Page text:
Skip to content

Saltcoats' Yokozawa Farquharson up for 'Emerging Artist Award'

An artist with ties to the local area is up for a 2021 Saskatchewan Arts Award. Hanna Yokozawa Farquharson who had her first solo show last fall at the Godfrey Dean Art Gallery in the city is up for the RBC Emerging Artist Award.
Hanna Yokozawa Farquharson who had her first solo show last fall at the Godfrey Dean Art Gallery in Yorkton is now up for provincial recognition.

An artist with ties to the local area is up for a 2021 Saskatchewan Arts Award.

Hanna Yokozawa Farquharson who had her first solo show last fall at the Godfrey Dean Art Gallery in the city is up for the RBC Emerging Artist Award.

The Saskatchewan Arts Awards celebrates the achievements of individuals, groups and organizations in all arts disciplines. Recipients are given awards in six categories. Award recipients receive a cash prize and a limited edition award by a Saskatchewan artist.

“I was happy and excited to learn of my nomination and then being short-listed for the RBC Emerging Artist Award,” Yokozawa Farquharson, who moved to Saltcoats in 2011, told Yorkton This Week.  

Yokozawa Farquharson, who works in textiles for her art, was quick to offer a number of thank-yous in terms of people who have helped take her art to such a level.

“I received a great deal of help from my mentor Don Stein, former Director of the Godfrey Dean Art Gallery, and from Sandee Moore, Curator of Exhibitions and Programming from the Art Gallery of Regina, and Jennifer McRorie, Director and Curator, of the Moose Jaw Museum & Art Gallery,” she said.

“Many people have encouraged and helped me including family and my friends and neighbors in Saltcoats. The Yorkton Arts Council, particularly Tonia Vermette and all the people associated with the Godfrey Dean such as Jeff Morton and Kelly Litzenberger, and local media including Yorkton This Week do a great job of promoting artists and art events.”

She has also participated in the CARFAC Sask Mentorship Program.

For Yokozawa Farquharson the Godfrey Dean Gallery has been instrumental in developing her art career.

“My career as a textile artist really began with the Godfrey Dean Art Gallery,” she said. “It is my base gallery and will always be that. The people there always supported and welcomed me as a new artist. There was a warm and nurturing feeling that is so important.

“During last year’s exhibition my mentor Don Stein and I planned how to get my name out there within the art world and how to approach galleries and find possibilities for future shows. We took many pictures and videos within the gallery and we used those images and pictures after the show was finished. These were helpful when I was approached by CTV-Yorkton and by Canadian Quilters Magazine.  I am very grateful for Don’s deep knowledge and rich experience in the art world. We achieved many things in a short time despite the pandemic.”

Of course the COVID pandemic has impacted how an artist can share their work.

“With the pandemic people have turned more and more to on-line things and I have been able to make use of that,” said Yokozawa Farquharson. “Because I have worked much in white on white images this is sometimes difficult for people to see online or in photos.  It would be better for people to be able to see my art properly displayed in galleries and other public places. There is a more intimate connection between artist and viewer. The white on white contrasts become clearly seen and are therefore better understood and appreciated. The viewer looks from many angles and distances and therefore sees what might be easily missed. When looking at a photo or video of the work. In person viewing also helps the viewer see more of the techniques involved.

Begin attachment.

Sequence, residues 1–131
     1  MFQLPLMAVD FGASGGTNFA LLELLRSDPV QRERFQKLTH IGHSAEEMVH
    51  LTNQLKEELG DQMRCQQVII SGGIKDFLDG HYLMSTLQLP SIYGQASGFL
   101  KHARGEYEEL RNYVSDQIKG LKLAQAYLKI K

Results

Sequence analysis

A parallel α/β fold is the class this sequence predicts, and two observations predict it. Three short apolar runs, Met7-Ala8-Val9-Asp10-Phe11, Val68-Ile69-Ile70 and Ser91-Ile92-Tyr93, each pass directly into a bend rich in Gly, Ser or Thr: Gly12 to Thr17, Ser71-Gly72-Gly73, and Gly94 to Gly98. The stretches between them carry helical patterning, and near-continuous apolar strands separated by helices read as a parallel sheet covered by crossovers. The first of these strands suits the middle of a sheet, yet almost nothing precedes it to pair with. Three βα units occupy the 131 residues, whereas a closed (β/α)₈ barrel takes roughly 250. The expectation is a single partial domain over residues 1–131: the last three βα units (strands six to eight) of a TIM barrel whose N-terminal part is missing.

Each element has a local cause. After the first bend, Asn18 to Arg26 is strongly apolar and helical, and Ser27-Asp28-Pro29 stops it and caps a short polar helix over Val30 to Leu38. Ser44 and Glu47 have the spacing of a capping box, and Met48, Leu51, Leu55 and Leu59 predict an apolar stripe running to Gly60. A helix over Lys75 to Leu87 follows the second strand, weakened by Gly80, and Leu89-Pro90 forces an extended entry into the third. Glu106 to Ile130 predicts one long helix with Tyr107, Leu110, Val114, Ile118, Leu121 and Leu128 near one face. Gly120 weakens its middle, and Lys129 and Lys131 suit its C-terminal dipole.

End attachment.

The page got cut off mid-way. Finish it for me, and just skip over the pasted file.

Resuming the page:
“My art is never negative but full of happiness within. My art is based on happiness. Happiness is not superficial, it is about serenity and harmony, belonging and knowing purpose and place.

“Happiness is what we all look for in life, isn’t it?”

And her art --  working in cloth, she uses a variety of techniques, whether it’s something abstract or realistic, something more like quilting or something more sculptural -- inches closer to being her career too.

“Someday I would like to be a full time artist,” said Yokozawa Farquharson. “Currently, I work part time at Lakeside Manor Care Home in Saltcoats. I really enjoy working with the residents there. I have my family life and community activities that are part of who I am and what I do. 

“As an artist part of my inspiration always comes from day to day living and interactions with people, nature, happenings.”

Yokozawa Farquharson said she has found Saltcoats very supportive since she arrived in 2011 just weeks before the major earthquake and tsunami in Japan, she and her husband moved to Saltcoats, where he had grown up.

“I felt at home right away and met many new friends and, of course, my Canadian family,” she said. “I helped with dinner theatre – costumes, sets and décor. I became involved in the local library, curling, coaching basketball at Saltcoats School, and generally helped where I could.”

As for the nominations such things are usually good for careers, so what does Yokozawa Farquharson hope it does for hers. 

“Every show, every article and review of my work, and certainly this nomination helps people become aware of my work as an artist,” she said.

“It is all part of the process or journey as an artist. There is new learning for me in such a nomination and in the comments people, including other artists, make, and art dealers and those who plan exhibitions become interested and seek to display each new artist’s work.”

Yokozawa Farquharson has some shows upcoming to watch for as well;

Wholeness -May 28 - August 15, 2021 at the   Moose Jaw Museum & Art Gallery

Two person exhibition - September 7 - October 23, 2021at the Mann Art Gallery in Prince Albert